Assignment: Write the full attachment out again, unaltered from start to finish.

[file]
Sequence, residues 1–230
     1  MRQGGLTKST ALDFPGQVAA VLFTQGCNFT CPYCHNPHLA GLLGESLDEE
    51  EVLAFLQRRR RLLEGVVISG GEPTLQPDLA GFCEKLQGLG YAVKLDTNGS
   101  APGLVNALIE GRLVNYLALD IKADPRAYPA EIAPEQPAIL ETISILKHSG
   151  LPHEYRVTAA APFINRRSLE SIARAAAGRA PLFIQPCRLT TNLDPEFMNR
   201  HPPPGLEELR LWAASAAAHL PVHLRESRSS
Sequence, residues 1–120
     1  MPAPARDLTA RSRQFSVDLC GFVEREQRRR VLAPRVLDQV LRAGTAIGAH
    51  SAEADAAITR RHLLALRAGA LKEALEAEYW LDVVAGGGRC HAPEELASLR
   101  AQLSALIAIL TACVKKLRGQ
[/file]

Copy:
Sequence, residues 1–230
     1  MRQGGLTKST ALDFPGQVAA VLFTQGCNFT CPYCHNPHLA GLLGESLDEE
    51  EVLAFLQRRR RLLEGVVISG GEPTLQPDLA GFCEKLQGLG YAVKLDTNGS
   101  APGLVNALIE GRLVNYLALD IKADPRAYPA EIAPEQPAIL ETISILKHSG
   151  LPHEYRVTAA APFINRRSLE SIARAAAGRA PLFIQPCRLT TNLDPEFMNR
   201  HPPPGLEELR LWAASAAAHL PVHLRESRSS
Sequence, residues 1–120
     1  MPAPARDLTA RSRQFSVDLC GFVEREQRRR VLAPRVLDQV LRAGTAIGAH
    51  SAEADAAITR RHLLALRAGA LKEALEAEYW LDVVAGGGRC HAPEELASLR
   101  AQLSALIAIL TACVKKLRGQ